The likelihood of an emergency responder being struck by a vehicle while working on the side of the road has become very high as they work on the scene of car accidents and other roadside situations. Motorists might accidentally strike a worker, especially if visibility is low. The United States government realized something had to be done following the unexpectable amount of fatalities and in 2003, they passed the “Move Over Law”. Drivers are required to give space to stopped emergency vehicles with this law. When passing parked emergency vehicles, motorists in most U.S. states can be fined for failing to slow down or changing lanes. Today, we at Citywide Towing Service would like to elaborate on the law many motorists neglect.
Why Was the Move Over Law Passed?
To reduce the number of injuries and fatalities to emergency responders, all 50 states passed the law. Though most know that motorists should make way for ambulances, police, tow trucks, and any other utility workers with their flashing emergency lights, few acted once they arrived on the scene unless forced by law enforcement redirecting traffic. To give safe clearance to ambulances, law enforcement officers, firefighters, utility workers, as well as tow-truck drivers is what the Move Over Law is meant for. To safely complete their work, the law requires you to give at least one lane of buffer space for the emergency vehicle. You are obligated to move one lane over to the left to give enough space to avoid any potential accidents should you be driving in the right lane and you see a stopped ambulance, police car or tow truck for instance. Defined by your local law, you should slow down to either a reasonable speed or a fixed speed below the limit if moving is impossible. Most states have a set speed around 20 mph, give or take.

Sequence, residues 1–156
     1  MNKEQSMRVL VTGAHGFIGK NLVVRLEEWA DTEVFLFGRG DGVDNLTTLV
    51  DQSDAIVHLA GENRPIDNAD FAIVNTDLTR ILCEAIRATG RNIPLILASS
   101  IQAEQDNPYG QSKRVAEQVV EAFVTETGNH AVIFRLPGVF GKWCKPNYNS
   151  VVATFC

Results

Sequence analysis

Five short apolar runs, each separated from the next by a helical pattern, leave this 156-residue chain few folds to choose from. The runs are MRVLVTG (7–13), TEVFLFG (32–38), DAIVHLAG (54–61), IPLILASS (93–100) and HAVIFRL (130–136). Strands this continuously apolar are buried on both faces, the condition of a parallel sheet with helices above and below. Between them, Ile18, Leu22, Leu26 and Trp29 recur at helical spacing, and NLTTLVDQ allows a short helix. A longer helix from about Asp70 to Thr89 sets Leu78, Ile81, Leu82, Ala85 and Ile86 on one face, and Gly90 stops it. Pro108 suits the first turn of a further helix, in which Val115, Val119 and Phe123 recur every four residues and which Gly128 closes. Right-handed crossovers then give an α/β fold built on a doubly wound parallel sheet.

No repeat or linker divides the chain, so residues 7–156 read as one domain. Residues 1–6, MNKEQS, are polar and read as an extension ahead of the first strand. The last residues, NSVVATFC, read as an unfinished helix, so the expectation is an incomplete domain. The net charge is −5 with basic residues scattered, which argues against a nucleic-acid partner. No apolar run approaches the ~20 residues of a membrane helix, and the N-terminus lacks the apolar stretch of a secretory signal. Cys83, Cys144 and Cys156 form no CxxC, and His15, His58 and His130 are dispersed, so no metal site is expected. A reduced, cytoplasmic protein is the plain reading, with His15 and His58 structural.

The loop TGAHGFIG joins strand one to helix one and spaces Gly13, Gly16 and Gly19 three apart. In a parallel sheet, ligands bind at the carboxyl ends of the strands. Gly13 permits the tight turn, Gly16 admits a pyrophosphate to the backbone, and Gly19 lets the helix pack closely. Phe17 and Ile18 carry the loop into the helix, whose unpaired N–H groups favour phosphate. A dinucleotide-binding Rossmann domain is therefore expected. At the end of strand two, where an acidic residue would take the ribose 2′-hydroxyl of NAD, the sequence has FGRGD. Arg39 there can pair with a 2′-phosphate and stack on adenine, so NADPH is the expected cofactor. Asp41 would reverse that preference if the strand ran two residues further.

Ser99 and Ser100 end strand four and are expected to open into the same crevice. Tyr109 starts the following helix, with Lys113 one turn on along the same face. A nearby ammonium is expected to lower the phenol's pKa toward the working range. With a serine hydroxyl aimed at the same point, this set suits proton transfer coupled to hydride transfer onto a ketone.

Tow Trucks are Consider Emergency First Responder Vehicles
To include not only police, fire trucks, and ambulances, on January 1, 2012, the move over law was modified to also incorporate hazard vehicles, such as tow trucks. When you think of first responders, tow truck drivers might not come to mind immediately. The tow truck driver will be right there alongside the officers and ambulances to help you with the situation in the unfortunate event of a car accident or breakdown. Every time they work alongside the road, tow truck operators are at risk. Between the tow truck operator and a car speeding down the highway is mere inches in many cases. While loading up cars, tow truck drivers are too often struck and injured or fatally killed. To eliminate this tragedy, the Move Over Law is set in place.
Spirit Ride; Slow Down, Move Over Events
To promote the Move Over Law, many in the tow truck community and their families have made it their duty. To honor lost loved ones and to bring awareness to the law, the annual Spirit Ride brings together tow truck drivers and from around the various counties in the country. Some are pressuring law enforcement to better enforce the law with higher fines and stricter enforcement, where improvement has occurred. In any case, value the lives of everyone in the community and ensure you slow down and give a wide birth to everyone offering assistance on the roadside.